Eyes are absent in some Crustaceans which live subterraneanly. They are confined to the head, but in the Enphausidae (Schizopoda) accessory eyes or luminous organs (?) occur on the coxae of the second thoracic limbs, on the bases of the penultimate gills, and between the four first abdominal limbs. The eye is lost during development in Cirripedia, and many parasitic Copepoda, In some free living families of the last named order, e. g. Cyclopidae, there is an azygos median eye, composed of a ventral and two dorsal pigment plates imbedding a number of refractile cells. This azygos eye, which is found in the Nauplius form of all Crustacea, may persist as a rudiment in some Branchiopoda and those Copepoda which like the Pontellidae and Argulus possess the two laterally-placed compound eyes found in all other Crustacea. These lateral eyes may however fuse in the course of development as in Cladocera, and the Cypridae and Cytheridae among Ostracoda. In the Cladocera they also become inclosed in a sinus by the growth of an integumental fold. The eye is moveable in Cladocera, in the Ostracode Cypridinidae, and the Argulidae; mounted on a fixed stalk in the Branchiopod genus Branchipus, on a moveable stalk in Podophthalmata. The compound eye has the usual Arthropodan structure.
The corneal cuticula is facetted in the Mala-costraca, and the corneal lenses in Isopoda are of great size, but in other Crustacea the cuticula is of even thickness. A distinct layer of hypo-dermis cells intervenes between the vitrellae and corneal cuticula in Isopoda and Amphipoda. The crystalline cones are composed of two segments in Isopoda, Amphipoda, and Schizopoda; of five in Cladocera; of four in other Crustacea; the retinulae are five in number in Estheridae (Branchiopoda), the Cladocera, and Amphipoda, seven in other Crustacea with possibly the exception of the Schizopoda. The Malacostraca possess four distinct ganglionic swellings in the course of the optic nerve. The 'eye-elements' are remarkably distinct from one another in Cladocera, Isopoda, and some Amphipoda. In the Isopoda they are separated by intervening pigmented hypodermis cells. The Copepodan family Cory-caeidae differ in the structure of their eyes from all other Crustacea. A large soft lens lies immediately beneath the corneal cuticula, and the crystalline cone with the ommateum is situate at some considerable distance behind it1. Olfactory setae are generally found on the first antennae.
1 The Phronimidae among Amphipoda possess four eyes evidently formed by the division of the two eyes of other Amphipods. The pair on each side of the head are supplied by branches of the same nerve; and in Gammarus pulex the single eye on each side is constricted laterally. The
The Podophthalmata possess auditory organs, either open sacs provided with auditory hairs and inclosing foreign bodies as otoliths and placed in the basal joint of the first antenna in the Decapoda, or closed sacs containing a laminated otolith and situate in the endopodite of the swimmeret as in many Schizopoda. Auditory hairs are said also to occur on other parts of the body in the groups named.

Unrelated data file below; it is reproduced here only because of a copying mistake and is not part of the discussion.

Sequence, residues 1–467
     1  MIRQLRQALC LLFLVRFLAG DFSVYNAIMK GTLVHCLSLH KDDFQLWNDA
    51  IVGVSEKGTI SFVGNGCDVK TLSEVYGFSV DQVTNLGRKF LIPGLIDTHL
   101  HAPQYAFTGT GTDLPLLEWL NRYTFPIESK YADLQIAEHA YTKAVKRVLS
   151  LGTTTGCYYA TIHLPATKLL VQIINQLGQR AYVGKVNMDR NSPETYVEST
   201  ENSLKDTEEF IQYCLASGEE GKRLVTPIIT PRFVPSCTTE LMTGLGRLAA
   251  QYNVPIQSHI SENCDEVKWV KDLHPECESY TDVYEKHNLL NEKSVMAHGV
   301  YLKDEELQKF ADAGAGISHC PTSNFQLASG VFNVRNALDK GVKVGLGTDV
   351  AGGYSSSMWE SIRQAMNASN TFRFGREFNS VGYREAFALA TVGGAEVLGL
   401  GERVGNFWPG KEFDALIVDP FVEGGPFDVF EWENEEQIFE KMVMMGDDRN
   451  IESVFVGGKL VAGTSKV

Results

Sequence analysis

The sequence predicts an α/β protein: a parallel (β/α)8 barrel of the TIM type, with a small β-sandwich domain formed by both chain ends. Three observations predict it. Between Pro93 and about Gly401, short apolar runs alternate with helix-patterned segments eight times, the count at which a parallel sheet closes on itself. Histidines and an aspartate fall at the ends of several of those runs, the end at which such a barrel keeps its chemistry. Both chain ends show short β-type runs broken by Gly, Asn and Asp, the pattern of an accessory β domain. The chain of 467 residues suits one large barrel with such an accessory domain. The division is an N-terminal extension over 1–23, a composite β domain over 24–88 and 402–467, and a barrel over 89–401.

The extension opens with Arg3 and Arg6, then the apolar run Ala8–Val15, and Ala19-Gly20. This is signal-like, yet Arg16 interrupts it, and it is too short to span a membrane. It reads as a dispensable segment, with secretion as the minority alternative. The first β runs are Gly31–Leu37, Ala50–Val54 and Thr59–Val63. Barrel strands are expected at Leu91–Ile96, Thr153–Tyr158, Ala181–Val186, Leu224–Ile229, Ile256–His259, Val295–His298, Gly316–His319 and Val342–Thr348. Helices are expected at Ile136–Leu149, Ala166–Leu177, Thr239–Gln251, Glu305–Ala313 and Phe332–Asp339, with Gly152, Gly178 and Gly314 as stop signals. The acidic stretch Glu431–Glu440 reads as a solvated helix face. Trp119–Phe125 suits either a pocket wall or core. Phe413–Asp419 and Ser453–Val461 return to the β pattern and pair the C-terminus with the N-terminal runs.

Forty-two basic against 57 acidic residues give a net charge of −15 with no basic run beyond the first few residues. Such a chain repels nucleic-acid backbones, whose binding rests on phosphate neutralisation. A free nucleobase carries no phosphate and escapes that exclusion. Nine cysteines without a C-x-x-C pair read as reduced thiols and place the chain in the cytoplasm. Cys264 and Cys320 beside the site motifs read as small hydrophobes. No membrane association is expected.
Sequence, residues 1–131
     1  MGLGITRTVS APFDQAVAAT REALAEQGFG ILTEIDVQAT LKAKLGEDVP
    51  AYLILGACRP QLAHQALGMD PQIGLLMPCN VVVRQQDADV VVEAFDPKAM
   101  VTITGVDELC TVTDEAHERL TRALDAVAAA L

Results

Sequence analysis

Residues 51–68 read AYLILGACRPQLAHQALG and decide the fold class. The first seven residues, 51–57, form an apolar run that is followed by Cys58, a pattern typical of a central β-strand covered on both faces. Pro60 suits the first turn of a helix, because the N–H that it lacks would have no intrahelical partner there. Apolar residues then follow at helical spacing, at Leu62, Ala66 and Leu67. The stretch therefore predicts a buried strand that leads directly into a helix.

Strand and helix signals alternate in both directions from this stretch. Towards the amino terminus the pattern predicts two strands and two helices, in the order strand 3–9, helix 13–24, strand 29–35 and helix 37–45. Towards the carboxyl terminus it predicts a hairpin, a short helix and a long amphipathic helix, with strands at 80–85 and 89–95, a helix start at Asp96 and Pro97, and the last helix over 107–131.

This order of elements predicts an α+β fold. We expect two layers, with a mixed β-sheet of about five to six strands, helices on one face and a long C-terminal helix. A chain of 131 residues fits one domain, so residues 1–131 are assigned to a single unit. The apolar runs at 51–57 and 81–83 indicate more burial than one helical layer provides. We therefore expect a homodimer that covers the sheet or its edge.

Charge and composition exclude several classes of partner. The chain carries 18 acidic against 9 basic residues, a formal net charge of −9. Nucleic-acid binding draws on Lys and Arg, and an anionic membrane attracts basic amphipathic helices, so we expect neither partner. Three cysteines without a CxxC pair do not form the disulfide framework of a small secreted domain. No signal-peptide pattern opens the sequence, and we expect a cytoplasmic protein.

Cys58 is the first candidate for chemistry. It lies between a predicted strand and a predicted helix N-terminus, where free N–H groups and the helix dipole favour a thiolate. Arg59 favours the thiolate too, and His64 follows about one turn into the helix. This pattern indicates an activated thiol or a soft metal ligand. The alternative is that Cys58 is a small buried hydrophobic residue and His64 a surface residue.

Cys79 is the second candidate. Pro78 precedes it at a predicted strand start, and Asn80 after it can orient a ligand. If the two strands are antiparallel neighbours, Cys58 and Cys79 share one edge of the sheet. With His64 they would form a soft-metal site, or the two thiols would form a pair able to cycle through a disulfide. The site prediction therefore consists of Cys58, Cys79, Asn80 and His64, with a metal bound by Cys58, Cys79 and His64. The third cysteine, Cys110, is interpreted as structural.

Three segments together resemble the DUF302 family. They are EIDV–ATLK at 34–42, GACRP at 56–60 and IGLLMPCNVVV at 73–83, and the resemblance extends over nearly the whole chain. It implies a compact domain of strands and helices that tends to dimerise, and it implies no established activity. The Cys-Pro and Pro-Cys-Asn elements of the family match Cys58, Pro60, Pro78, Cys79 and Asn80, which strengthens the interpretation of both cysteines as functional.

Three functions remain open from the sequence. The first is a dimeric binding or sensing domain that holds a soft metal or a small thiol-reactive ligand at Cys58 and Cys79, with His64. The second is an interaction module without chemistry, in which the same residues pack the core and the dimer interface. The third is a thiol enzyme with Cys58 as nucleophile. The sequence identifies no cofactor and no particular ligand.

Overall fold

Mouth and digestive apparatus are wanting in the Rhizocephala among Cirripedia, and the animal is attached to its host by branching processes which spring from its head and penetrate among the viscera. The tract is rudimentary in Proteolepas and many male Cirripedia. In other Crustacea the mouth lies between the mandibles and has an upper lip or epistoma, and a lower lip or metastoma1. The latter is often bilobed, and is known in that case as paragnatha. In Euphausia and perhaps in Malacostraca generally the paragnatha are derived from the basal part of the first maxillae. The stomodaeum or oesophageal section of the tract is well developed and often dilated posteriorly. The dilatation in higher Crustacea-is generally provided with chitinoid and sometimes calcified plates and teeth, differentiations of the cuticular lining. The mesenteron has no cuticle and corresponds with the archenteron. It varies in length and is rarely convoluted, and is furnished with glandular caeca. These caeca may be short and simple, variable in number, or large branched organs as in Decapoda. The proctodaeum is long in the higher Crustacea, short in the Entomostraca, and is lined by cuticle.
The anus is posterior, and may be dorsal (Copepoda) or ventral (Malacostraca).
The coelome is filled to a variable degree by the muscles of the somites and limbs and the viscera. It contains a blood-plasma in which amoeboid corpuscles are suspended. The plasma is sometimes tinged red by a colouring matter, either haemoglobin (some Phyllopoda and Cypris) or tetronerythin. In other instances, e.g. Homarus, Squilla (Decapoda), it contains haemocyanin or haemochromogen. A heart may be absent (some Ostracoda and Copepoda, Cirripedia?). It is placed in the thorax nuclei of the retinulae in Amphipoda are situated in the bases of the cells, which are distinctly separated from their outer parts. The nerves to the refractile cells of the Cyclops eye either unite with their internal pointed ends (Grenacher) or with their outer ends (Hartog).